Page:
Ranking every player to wear No.9 for Tottenham in the Premier League

Tottenham have had some brilliant forwards over the years – but few of them have worn the traditional No.9 shirt.

Harry Kane famously wears the No.10 shirt, while Son Heung-min wears No.7. In fact, Spurs didn’t even have a No.9 during the 2021-22 campaign and only signed a striker to occupy it last summer.

We’ve ranked every player to wear the No.9 shirt for Spurs since the Premier League introduced official squad numbers for the 1993-94 season, from worst to best.

10. Grzegorz Rasiak 

The definition of a panic buy.

Signed from Derby for around £3million in 2005, Rasiak failed to score in his eight Premier League appearances for Spurs and was sold to Southampton a few months later.

9. Vincent Janssen 

Having won the Eredivisie Golden Boot with AZ Alkmaar in 2015-16, expectations were high when Janssen completed a £17million move to Tottenham.

He failed to justify the hype, however, and scored just six goals in 42 appearances for the club, with four of those coming from the penalty spot.

The striker spent the 2017-18 season on loan at Fenerbache before Spurs took an £11million loss by selling him to Monterrey in 2019.


READ: A definitive ranking of Vincent Janssen’s six greatest goals for Spurs

8. Roberto Soldado

Brought in from Valencia for £26million in 2013, Soldado had some serious pedigree, having netted 81 goals in 141 appearances for Los Che.

Despite scoring on his debut, he failed to hit the same heights in the Premier League and was eventually usurped by an emerging Harry Kane.

The Spain international was then sold to Villarreal in 2015, having scored 16 goals in 76 appearances for Spurs.

“I think in the end what let me down at Tottenham was my head; for whatever reason, it wasn’t right,” Soldado told The Guardian in 2016.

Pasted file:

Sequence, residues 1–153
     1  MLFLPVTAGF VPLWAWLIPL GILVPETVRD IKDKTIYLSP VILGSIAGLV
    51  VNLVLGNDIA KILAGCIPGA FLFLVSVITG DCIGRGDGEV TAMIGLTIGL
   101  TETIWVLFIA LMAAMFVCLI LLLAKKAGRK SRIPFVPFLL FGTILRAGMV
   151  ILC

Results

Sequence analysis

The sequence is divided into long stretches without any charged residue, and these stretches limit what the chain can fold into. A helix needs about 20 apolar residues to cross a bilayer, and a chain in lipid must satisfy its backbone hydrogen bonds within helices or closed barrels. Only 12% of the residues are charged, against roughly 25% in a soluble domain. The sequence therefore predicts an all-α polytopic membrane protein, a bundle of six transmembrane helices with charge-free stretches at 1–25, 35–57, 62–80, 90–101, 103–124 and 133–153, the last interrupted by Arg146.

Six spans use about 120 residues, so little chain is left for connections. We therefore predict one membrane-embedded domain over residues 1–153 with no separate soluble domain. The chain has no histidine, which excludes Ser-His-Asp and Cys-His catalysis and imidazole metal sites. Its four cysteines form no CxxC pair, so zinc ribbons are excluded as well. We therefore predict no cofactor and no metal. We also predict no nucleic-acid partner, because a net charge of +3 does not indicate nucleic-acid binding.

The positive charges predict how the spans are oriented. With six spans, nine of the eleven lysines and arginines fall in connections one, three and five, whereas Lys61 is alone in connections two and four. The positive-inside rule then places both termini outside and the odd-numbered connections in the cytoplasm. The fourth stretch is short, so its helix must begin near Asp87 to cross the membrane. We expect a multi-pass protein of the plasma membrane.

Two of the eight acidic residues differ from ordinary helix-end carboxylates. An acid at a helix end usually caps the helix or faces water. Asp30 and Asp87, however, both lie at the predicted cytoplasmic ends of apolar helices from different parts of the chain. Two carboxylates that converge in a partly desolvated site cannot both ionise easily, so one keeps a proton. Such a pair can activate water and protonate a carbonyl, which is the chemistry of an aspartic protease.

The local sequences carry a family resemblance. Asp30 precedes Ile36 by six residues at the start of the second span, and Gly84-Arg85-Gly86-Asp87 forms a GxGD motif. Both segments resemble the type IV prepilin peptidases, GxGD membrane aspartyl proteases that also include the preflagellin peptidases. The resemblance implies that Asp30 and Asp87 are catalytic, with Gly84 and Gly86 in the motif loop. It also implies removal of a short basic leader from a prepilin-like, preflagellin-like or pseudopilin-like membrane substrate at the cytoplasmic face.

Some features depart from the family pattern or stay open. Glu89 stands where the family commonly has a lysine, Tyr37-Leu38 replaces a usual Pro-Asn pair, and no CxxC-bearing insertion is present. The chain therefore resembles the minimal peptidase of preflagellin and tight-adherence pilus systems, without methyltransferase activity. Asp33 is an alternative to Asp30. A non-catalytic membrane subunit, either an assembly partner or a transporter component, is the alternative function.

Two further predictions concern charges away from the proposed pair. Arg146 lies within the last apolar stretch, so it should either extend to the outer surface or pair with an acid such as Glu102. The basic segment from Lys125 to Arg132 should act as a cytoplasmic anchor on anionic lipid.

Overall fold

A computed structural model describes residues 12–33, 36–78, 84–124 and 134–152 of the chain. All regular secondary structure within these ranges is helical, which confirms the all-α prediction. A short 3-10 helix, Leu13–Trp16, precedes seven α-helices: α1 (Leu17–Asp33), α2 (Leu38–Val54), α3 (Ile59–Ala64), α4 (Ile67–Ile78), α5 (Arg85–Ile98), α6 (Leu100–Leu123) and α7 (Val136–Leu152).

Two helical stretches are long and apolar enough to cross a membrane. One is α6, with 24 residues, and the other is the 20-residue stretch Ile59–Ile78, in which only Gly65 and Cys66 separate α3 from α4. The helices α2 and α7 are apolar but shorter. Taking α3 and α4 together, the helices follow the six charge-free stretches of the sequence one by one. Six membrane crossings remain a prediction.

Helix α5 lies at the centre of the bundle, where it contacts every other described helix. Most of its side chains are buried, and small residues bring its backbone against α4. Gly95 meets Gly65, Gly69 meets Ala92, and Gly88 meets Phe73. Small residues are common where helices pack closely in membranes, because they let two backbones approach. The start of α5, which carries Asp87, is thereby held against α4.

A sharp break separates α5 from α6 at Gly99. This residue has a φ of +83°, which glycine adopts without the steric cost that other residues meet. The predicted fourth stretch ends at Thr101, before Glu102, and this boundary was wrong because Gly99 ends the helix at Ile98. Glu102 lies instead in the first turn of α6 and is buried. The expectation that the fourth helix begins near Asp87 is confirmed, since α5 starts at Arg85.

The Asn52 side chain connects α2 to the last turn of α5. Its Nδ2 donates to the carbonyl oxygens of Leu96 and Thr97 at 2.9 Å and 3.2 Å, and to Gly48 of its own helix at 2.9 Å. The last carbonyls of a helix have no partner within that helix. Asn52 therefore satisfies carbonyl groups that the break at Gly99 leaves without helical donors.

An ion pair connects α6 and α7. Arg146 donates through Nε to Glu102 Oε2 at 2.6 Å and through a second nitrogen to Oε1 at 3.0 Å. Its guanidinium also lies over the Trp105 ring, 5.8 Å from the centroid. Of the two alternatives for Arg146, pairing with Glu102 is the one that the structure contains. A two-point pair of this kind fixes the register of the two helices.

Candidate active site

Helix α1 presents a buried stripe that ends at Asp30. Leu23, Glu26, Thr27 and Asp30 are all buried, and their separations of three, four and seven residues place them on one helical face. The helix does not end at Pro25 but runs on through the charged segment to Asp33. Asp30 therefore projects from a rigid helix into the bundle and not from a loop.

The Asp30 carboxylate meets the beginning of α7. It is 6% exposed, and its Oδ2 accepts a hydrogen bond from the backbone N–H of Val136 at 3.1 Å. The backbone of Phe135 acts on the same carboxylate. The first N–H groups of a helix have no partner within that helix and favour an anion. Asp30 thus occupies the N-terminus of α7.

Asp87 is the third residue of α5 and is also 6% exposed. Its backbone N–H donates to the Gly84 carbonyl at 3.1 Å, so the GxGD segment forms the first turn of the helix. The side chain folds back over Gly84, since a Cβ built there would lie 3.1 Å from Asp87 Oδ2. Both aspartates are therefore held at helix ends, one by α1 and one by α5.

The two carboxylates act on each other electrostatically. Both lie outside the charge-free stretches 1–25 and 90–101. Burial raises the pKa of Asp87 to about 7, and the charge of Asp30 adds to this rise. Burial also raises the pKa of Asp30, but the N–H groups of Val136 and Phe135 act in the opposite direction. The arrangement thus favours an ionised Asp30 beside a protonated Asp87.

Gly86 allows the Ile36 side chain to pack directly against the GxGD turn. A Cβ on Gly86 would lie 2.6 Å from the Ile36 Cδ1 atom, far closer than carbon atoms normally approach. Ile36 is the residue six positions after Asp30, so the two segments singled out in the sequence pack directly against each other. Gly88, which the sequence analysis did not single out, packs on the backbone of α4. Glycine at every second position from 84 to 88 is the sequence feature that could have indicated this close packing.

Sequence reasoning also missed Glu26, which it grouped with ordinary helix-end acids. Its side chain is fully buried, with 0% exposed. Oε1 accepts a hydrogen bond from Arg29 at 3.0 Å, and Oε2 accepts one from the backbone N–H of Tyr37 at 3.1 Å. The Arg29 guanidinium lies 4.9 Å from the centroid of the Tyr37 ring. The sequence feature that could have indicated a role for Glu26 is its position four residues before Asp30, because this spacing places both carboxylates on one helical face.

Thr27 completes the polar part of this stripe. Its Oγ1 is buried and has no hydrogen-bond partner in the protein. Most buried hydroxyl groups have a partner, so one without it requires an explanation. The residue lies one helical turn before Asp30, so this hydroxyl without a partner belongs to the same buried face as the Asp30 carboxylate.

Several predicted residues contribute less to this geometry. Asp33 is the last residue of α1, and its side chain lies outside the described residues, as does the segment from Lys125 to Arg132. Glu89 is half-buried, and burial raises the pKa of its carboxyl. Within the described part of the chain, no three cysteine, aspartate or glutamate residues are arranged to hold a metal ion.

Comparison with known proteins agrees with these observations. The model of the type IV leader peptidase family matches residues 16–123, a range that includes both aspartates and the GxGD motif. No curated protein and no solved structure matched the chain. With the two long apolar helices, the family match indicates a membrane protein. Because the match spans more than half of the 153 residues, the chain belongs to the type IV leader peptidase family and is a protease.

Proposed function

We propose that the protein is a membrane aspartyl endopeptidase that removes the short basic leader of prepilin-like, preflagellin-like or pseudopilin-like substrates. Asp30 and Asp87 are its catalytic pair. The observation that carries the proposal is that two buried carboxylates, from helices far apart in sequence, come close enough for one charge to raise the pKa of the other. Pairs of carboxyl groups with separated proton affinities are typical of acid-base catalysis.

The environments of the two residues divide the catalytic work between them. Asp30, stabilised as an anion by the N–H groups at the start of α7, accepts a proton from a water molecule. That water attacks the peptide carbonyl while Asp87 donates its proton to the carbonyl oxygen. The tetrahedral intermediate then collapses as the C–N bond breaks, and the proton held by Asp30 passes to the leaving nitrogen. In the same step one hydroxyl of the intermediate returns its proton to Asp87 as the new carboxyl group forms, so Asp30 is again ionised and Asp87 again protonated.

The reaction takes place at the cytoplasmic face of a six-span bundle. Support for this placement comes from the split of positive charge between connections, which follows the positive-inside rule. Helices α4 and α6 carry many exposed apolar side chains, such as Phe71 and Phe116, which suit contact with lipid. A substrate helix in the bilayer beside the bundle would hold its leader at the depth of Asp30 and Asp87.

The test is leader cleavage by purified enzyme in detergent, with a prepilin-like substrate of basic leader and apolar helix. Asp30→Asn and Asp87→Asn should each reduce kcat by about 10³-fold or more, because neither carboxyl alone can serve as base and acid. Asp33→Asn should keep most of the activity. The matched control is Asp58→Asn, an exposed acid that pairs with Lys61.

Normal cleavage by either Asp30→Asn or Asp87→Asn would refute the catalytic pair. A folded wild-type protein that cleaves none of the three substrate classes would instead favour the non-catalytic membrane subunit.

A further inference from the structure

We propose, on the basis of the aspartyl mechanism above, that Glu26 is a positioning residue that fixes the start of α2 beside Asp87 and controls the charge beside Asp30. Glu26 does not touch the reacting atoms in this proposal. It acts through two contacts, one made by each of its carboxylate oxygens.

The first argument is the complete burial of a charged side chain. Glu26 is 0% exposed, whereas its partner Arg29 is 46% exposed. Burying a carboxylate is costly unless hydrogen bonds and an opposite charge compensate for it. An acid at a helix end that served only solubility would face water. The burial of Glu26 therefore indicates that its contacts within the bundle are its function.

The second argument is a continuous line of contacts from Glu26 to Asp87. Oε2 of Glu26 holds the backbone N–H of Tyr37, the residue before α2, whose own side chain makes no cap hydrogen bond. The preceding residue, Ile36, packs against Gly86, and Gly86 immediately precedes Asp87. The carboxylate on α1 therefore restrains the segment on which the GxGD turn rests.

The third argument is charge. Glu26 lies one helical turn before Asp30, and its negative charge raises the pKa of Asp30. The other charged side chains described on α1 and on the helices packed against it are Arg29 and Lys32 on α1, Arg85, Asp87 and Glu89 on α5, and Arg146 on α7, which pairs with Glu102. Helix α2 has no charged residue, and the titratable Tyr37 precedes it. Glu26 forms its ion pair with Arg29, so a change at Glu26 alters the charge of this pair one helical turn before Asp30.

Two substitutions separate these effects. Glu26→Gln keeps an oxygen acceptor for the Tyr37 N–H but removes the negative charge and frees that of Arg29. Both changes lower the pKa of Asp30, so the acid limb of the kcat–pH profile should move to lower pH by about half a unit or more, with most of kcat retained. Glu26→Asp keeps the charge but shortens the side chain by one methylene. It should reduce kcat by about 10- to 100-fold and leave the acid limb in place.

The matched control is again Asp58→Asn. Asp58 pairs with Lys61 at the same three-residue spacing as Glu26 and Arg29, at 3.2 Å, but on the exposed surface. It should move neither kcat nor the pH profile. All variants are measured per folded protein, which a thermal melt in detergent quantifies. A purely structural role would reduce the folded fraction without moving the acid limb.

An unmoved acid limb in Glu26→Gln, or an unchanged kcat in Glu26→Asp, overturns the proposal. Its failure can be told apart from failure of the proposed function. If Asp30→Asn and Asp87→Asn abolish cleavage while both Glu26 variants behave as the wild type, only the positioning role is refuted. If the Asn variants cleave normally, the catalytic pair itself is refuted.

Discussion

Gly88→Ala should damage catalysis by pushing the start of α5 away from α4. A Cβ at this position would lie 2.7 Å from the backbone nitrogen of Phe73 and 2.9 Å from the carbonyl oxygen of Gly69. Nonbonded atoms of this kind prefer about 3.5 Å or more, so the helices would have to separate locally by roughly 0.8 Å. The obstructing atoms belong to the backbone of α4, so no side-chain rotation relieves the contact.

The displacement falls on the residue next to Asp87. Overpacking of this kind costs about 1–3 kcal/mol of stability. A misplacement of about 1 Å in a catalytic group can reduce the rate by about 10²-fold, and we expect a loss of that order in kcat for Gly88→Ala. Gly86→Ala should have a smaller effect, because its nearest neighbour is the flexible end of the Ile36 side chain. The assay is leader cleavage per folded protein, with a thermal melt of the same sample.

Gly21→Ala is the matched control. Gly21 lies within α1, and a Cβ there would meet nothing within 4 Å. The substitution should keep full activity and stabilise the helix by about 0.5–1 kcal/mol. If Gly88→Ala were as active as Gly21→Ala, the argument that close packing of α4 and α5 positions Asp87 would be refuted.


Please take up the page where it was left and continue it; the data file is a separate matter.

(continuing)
“Perhaps my transfer fee was too big, [or] maybe the expectations I put on myself put me over the edge in a sense. I found I was getting easy chances on the pitch and I’d miss them; the tiniest things would go against me.”

7. Richarlison

“You as a No.9 know very well that we score for a living,” Richarlison told legendary Brazilian forward Ronaldo during the World Cup.

“Like it or not, I believe God blessed me when I wear this yellow jersey. I have been scoring a lot with this jersey. And now wearing the nine is a lot of pressure, and I have to honour it. And I believe I am doing well in this role. God doesn’t give us something that we can’t carry.”

Perhaps he doesn’t feel the same pressure following Soldado and Janssen in wearing that number for his shirt. Signed for a club-record £60million, the 25-year-old has scored precisely zero Premier League goals for Spurs in his debut season and probably doesn’t feature in their best XI.

Still, there’s no lack of endeavour, and there’s every chance he comes good and moves up a fair few places the next time we get around to updating this list.  We wouldn’t write him off completely, and he deserves some points for verbalising a lot of fans’ frustration when he declared the 2022-23 as “shit”. No arguing with that.

6. Frederic Kanoute

Kanoute switched from West Ham to Tottenham for £3.5million in 2003 and hit the ground running with four goals in his first five appearances for the club.

The Mali international didn’t do much else after that, though, and fell behind Robbie Keane and Jermain Defoe in the pecking order.

He completed a £4.4million move to Sevilla in 2005 and even knocked his old club out of the UEFA Cup in 2006-07.

Tottenham 2003

READ: The Vincibles: Remembering Spurs’ hilariously bad 2003-04 campaign